Utilizing instrumentation to measure temperature and pressure at various points in the distillation system, it has been found that a significant portion of the distillation process involves heating the vat to operating temperature. Based on this observation, it was surmised that it would be possible to selectively collect enhanced quantities of oil at different time periods during the distillation process. Utilizing existing equipment, the inventor has experimented with time dependent collection of the mint oil, and has determined that during the early periods of hydrodistillation when the mint hay is much cooler, it is possible to collect enhanced quantities of mint oil containing the lighter ester fractions.
The problem of non-uniform sample analysis from barrel to barrel has long vexed mint distillers. It has been proposed that the phenomena relating to the heating of the mint tub was partially responsible for a significant portion of this variation. It was observed that as steam was initially introduced into the vat to thoroughly warm the mint hay, the mint oil collected during this early heating process was of different character than the mint oil collected during later stages of the hydrodistillation process. One theory is that the initial process of heating the mint hay allowed the lightest constituents to boil off early during the distillation process, while the heavier oils did not distill off until late in the distillation process when temperatures throughout the vat became more uniform and reached their peak.
Experimentation has confirmed that the lighter oils distill off earlier in the process in larger quantities while the heavier oils distill off later in the process. It appears that a significant portion of the variability in the quality of each barrel of oil is due to the mixing of oils from different times during the distillation process into one barrel. For example, one barrel might contain oil from the beginning portion of distillation of one batch, and the tail end of distillation of another batch, while perhaps another barrel contains all tail sections from multiple batches. By collecting distillates from similar portions of the distillation process, the method of this invention allows for an enriched and more uniform collection of mint oil and sample analysis to be achieved.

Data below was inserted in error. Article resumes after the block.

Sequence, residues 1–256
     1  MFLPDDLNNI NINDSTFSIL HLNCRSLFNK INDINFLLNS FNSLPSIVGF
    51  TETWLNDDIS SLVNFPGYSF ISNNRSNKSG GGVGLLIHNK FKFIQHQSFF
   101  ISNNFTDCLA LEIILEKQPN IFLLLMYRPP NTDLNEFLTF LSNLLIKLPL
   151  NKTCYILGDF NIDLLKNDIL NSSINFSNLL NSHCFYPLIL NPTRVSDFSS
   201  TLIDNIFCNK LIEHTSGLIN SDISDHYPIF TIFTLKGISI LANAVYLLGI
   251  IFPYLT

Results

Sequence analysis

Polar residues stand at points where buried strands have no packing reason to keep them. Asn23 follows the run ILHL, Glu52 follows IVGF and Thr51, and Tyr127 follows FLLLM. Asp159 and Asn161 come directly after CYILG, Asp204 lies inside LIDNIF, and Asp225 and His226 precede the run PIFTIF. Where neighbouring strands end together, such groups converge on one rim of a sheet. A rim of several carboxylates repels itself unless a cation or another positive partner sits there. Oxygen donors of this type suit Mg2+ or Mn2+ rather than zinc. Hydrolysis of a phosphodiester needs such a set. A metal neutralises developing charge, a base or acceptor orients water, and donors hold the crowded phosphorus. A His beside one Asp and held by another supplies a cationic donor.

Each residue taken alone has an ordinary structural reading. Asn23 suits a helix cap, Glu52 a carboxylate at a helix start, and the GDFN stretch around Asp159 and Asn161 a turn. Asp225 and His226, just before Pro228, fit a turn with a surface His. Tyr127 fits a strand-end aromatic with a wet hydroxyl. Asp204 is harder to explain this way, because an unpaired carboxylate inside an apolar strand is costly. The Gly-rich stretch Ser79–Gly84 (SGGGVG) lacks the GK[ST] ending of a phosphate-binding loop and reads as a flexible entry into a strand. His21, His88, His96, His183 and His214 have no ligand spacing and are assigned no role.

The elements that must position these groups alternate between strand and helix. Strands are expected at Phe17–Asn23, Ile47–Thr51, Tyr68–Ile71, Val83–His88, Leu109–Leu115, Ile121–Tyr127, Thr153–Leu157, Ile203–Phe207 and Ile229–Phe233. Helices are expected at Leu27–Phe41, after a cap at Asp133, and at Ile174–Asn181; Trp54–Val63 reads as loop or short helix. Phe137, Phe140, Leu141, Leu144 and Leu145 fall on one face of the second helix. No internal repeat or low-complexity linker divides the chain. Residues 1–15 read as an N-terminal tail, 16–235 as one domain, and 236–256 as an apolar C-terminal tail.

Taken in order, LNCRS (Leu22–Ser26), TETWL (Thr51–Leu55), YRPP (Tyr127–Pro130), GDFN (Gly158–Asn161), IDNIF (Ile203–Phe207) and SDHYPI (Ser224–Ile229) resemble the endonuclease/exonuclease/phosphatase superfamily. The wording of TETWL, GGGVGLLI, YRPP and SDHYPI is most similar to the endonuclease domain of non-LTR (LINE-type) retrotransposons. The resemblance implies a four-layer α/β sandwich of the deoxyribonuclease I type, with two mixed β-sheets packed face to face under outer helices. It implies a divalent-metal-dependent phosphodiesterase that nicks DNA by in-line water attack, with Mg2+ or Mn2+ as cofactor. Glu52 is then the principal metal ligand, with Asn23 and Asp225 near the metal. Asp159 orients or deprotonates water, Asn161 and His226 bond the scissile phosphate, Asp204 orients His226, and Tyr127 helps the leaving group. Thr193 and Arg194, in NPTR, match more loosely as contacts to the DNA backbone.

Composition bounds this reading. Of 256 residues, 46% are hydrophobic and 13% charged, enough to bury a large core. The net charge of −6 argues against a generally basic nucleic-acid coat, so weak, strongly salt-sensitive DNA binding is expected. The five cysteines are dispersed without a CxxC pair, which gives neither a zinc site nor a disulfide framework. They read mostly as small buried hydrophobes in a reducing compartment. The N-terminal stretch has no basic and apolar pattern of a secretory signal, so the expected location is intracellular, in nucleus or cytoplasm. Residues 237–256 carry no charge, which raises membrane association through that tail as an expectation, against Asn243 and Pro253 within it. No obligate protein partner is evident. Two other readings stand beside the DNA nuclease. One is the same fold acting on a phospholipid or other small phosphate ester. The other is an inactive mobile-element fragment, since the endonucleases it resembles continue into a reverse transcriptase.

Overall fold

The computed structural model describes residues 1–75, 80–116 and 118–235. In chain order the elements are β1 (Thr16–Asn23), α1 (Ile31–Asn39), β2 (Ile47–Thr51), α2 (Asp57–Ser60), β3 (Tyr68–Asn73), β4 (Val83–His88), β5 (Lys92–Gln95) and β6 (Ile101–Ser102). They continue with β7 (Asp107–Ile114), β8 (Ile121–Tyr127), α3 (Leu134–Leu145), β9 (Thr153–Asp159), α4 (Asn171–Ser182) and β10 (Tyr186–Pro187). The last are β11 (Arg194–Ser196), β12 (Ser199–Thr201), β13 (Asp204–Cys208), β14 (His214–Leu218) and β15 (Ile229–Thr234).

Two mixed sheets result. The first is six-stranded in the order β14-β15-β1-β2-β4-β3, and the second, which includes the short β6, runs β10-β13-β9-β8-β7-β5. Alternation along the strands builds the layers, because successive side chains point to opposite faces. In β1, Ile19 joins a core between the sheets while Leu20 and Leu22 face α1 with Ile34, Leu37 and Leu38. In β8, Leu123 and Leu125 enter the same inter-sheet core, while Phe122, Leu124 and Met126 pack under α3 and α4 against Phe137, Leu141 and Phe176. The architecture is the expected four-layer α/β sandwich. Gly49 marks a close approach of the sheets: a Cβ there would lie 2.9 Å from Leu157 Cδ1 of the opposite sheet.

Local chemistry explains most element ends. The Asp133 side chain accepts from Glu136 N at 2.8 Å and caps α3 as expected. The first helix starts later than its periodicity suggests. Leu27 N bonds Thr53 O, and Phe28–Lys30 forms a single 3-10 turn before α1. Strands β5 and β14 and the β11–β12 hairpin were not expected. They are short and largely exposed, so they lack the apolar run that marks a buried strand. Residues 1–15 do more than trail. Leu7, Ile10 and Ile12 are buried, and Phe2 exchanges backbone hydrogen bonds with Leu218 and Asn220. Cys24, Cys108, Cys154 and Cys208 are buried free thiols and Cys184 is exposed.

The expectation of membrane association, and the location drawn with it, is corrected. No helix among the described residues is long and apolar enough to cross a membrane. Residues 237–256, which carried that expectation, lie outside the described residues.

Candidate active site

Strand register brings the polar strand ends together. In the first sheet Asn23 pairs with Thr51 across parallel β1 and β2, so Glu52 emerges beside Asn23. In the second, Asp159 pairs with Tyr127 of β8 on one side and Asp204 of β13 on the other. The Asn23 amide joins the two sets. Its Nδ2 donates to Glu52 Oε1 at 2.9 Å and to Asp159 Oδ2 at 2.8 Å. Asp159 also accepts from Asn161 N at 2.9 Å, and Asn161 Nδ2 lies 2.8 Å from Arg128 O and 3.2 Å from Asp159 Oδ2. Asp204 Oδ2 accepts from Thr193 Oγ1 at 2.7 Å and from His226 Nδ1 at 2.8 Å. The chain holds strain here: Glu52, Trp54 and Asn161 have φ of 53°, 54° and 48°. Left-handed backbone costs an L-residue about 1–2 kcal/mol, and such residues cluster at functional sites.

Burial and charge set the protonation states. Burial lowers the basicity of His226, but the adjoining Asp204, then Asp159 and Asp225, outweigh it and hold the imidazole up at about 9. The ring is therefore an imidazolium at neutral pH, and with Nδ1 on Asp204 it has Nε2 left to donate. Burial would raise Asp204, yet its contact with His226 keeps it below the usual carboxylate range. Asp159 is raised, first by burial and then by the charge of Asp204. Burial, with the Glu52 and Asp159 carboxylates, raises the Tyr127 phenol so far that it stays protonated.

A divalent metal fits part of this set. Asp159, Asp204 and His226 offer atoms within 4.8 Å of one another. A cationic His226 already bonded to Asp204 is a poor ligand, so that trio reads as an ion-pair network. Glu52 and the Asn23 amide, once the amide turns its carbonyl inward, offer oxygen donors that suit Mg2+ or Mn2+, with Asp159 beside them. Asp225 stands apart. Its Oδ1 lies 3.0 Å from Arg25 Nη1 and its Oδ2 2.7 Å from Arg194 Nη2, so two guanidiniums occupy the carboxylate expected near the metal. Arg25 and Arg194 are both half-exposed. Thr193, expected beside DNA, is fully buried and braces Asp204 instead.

The process comprises collecting mint oil condensate for each tub of mint hay processed, at the same interval for each tub. For example, mint oil collected during the first 15 minutes of the distillation process is combined for each tub of mint hay processed. The mint oil collected during each following 15-minute time interval from each tub is also combined. In this manner mint oil enriched in the lighter esters can be collected during the early intervals, the mint oils are selectively collected in 15 pound mass intervals while mint oil enriched in the heavier esters can be collected late during the distillation process. An unexpected result of this improved process is the highest clarity mint oil is collected during the middle time intervals, between 30 minutes and 120 minutes time from the start of distillation.
Mint oil enriched with the lighter ester fractions, which has a higher economic value, is collected during earlier intervals. The light ester fraction oil is typically slightly discolored. Discoloring is less desirable than the oil of greater clarity for some uses, but the concentration of light esters is of high economic value. Another unexpected result of the process of this invention is that oil produced using this method yields more uniform composition analysis results. Because of the more uniform composition a grower can collect mint oil by this process that has improved economic value.